Investing in Real Estate Using Retirement Funds

Investing in Real Estate Using Retirement Funds

As working professionals, we are often limited on time. Hopefully by now for all the time that we put into the job, we have developed a sizeable nest egg for retirement; perhaps these assets are worth your consideration as options to invest in real estate. If you do not have all the cash in the world sitting in your bank account ready to deploy for real estate investing, consider your retirement fund options. Investing in real estate using retirement funds can seem risky to many new investors. However, consider what led me to make the decision:

  • 401k investments can react to the volatility of the market place, putting your retirement wealth at risk of loss when you need it most.
  • I understand real estate better than I understand the packaged investment products in my 401k.
  • Buy and hold real estate is a great wealth-builder and is my primary wealth building vehicle for retirement.

Before I share these options, note that I am not a tax professional and before making any decision you should consult a professional to review your own unique situation and the implications of these options.

Retirement Account – Withdrawal

The straightforward, but likely least ideal method of using your retirement funds for real estate investment opportunities is to withdraw directly from your 401k. The benefit is direct access to the cash and control for whatever use you would like. However, the very large disadvantage that may make this route financially unreadable are the massive and costly penalties and tax for such a withdrawal. If you withdraw before retirement age, you are subject to a penalty in addition to the normal tax from withdrawal. By withdrawing from your 401k, you could instantly lose up to 30% of the funds withdrawn. Unless you anticipate that your investment opportunity can yield greater than 30% ROI, this may not make sense.

Retirement Account – Loan

Some company plans allow you to take out a 401k loan, which is what I did with my first rental property. How it works is, you are essentially taking out a loan against yourself. You then pay yourself back with interest over a set period of time. If you do not do so, you will be subject to the tax and associated penalties from not having replayed the “loan.” Important things to consider if doing this:

  • Ensure that you can repay your 401k loan – in my case I realized a greater net return taking the loan and eventually paying it off over time and the cash flow from my investment covered all debt service.
  • Exit strategy – This path was my creative manner of getting started into real estate. I knew that the worst case is if I decided not to outlay the cash to fully pay off the loan, I was willing to make the payment for the penalties. While I have done this myself, there are better and more flexible ways to invest in real estate with retirement funds.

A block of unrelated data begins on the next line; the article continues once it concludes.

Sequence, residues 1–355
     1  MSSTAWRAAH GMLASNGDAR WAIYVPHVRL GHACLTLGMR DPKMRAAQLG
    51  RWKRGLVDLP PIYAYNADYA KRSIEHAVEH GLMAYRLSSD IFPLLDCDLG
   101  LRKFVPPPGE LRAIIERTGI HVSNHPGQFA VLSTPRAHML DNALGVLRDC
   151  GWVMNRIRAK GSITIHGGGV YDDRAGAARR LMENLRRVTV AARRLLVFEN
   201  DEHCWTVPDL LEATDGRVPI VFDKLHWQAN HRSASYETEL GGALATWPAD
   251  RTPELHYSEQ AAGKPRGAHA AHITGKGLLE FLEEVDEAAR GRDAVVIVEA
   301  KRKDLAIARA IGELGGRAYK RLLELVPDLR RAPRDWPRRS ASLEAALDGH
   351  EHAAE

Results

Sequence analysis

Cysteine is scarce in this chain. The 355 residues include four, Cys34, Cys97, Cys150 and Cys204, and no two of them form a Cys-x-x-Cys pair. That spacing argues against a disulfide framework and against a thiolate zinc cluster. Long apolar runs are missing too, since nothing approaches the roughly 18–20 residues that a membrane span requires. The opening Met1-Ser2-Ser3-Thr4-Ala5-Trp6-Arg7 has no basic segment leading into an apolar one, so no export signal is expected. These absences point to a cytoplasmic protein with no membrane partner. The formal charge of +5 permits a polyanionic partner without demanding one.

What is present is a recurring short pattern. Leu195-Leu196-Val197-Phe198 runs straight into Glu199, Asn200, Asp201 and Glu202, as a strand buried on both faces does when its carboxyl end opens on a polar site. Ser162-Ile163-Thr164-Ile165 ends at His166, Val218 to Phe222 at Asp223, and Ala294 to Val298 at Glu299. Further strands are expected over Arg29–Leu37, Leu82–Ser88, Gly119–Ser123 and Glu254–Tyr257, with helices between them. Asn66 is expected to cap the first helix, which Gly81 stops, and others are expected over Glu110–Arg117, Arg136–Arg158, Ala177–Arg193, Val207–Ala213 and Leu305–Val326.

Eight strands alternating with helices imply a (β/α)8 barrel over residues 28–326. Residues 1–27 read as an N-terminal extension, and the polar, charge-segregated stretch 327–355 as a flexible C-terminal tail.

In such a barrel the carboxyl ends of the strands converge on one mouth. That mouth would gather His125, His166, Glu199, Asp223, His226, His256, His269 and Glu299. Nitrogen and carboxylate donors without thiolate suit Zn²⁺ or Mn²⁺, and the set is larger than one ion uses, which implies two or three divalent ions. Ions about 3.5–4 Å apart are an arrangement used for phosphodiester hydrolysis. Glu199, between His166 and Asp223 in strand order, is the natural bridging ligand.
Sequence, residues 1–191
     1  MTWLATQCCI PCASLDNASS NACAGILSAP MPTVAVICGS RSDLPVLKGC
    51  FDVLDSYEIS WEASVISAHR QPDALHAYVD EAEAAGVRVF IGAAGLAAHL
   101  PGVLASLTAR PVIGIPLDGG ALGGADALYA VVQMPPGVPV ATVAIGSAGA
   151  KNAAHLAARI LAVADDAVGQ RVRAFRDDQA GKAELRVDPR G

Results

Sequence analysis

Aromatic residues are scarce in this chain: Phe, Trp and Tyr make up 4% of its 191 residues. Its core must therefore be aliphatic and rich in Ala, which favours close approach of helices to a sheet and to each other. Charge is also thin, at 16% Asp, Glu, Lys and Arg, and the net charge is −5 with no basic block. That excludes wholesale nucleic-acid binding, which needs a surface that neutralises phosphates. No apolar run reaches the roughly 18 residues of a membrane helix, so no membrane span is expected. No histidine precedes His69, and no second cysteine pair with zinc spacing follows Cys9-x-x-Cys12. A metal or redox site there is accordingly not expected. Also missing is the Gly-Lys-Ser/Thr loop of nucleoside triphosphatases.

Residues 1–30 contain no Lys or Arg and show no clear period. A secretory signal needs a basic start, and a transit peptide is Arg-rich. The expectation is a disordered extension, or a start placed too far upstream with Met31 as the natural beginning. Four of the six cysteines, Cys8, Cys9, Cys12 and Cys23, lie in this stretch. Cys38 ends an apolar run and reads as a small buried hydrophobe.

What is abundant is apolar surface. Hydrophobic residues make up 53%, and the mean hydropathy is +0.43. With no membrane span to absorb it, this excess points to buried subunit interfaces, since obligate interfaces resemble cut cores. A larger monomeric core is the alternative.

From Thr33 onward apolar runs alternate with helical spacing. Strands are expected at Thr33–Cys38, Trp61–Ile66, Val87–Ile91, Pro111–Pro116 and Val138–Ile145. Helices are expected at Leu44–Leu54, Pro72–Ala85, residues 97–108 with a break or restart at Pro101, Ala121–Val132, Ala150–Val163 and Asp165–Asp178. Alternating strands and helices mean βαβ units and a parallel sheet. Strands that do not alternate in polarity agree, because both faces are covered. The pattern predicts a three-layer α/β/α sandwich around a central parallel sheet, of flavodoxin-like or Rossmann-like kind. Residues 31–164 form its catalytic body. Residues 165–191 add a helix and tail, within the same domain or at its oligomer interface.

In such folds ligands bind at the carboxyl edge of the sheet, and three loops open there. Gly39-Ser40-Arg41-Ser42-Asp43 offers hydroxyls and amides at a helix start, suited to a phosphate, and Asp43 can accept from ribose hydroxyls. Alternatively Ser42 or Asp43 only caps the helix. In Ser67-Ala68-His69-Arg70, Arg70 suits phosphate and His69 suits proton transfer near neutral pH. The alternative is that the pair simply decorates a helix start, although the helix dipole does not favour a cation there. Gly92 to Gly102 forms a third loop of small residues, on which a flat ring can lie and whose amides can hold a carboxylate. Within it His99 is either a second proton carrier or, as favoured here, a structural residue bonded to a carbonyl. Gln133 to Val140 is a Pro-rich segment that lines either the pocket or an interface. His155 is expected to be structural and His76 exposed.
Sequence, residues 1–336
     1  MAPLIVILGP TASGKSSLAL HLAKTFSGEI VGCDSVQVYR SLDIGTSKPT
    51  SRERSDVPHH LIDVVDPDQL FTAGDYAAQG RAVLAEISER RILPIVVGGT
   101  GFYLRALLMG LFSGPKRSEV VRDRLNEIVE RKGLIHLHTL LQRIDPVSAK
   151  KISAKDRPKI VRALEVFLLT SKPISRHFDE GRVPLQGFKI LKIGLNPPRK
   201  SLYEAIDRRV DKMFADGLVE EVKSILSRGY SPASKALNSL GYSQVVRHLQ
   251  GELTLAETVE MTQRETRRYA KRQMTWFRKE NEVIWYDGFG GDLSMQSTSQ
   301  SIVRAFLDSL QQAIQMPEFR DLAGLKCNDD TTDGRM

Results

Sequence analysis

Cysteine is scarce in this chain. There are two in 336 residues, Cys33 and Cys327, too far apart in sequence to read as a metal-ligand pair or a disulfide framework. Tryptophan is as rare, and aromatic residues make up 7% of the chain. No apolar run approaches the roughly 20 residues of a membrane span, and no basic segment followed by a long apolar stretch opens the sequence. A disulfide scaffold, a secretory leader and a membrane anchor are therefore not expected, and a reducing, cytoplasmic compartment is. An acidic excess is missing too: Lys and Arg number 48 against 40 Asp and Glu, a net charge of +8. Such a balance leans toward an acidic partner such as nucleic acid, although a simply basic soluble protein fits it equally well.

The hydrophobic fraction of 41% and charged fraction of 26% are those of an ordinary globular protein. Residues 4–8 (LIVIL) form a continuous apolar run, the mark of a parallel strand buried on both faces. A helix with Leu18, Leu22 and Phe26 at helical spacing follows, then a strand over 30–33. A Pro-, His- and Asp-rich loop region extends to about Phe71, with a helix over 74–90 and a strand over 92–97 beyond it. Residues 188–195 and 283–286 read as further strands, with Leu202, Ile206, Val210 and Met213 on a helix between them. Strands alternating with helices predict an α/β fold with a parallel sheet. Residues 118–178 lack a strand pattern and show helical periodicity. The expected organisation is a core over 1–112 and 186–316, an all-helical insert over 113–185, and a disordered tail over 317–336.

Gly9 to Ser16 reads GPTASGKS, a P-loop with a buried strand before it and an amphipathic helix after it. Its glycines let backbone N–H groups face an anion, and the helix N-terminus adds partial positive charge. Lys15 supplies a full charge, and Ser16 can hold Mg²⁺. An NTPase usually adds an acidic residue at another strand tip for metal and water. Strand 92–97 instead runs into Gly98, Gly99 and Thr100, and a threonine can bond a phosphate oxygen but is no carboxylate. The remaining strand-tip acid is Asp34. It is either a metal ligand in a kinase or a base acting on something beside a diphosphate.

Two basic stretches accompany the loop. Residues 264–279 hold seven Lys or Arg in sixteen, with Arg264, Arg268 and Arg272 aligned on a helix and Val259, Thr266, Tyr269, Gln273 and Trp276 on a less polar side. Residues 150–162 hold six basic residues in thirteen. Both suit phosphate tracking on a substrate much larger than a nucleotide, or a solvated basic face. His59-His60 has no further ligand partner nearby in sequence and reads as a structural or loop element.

Self-Directed IRA

The self-directed IRA (SDIRA) is the lesser-known retirement vehicle for most working professionals. The primary benefit is that it allows the investor more flexibility for investing in other asset classes. Whereas traditional IRA’s limit investments to funds, CD’s bonds and stocks, self-directed IRA’s allow for investments in alternative assets such as real estate investments. A few things to note:

  • Since self-directed IRA’s are managed differently than traditional IRA’s, many standard retirement account providers do not support self-directed IRA’s. You will need to seek out companies that provide this specialized retirement plan that supports your investment intentions.
  • There can be relatively high-fees associated with your SDIRA and this should be taken into account.
  • It is critical to understand and have a plan for your investment. These are actual funds that can be lost. The SDIRA is designed for savvy investors who seek to generate retirement wealth through other means. Do your due diligence with every investment, know, understand and execute a well-thought out plan.

If this is enough to interest you as a means of investing with your retirement, schedule some time with a financial advisor that can review and advise you based on your unique financial situation.

If the benefits of an SDIRA has piqued your interest, there are even expansive options beyond the SDIRA such as Qualified Retirement Plans (QRP) that have added benefits/advantages over the standard SDIRA.


Today’s uncertain times creates great wealth building opportunities through real estate investing. As working professionals, it is beneficial to think about how to align your resources so that when the time is right and proper you are prepared to act.

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Rodney Robinson II

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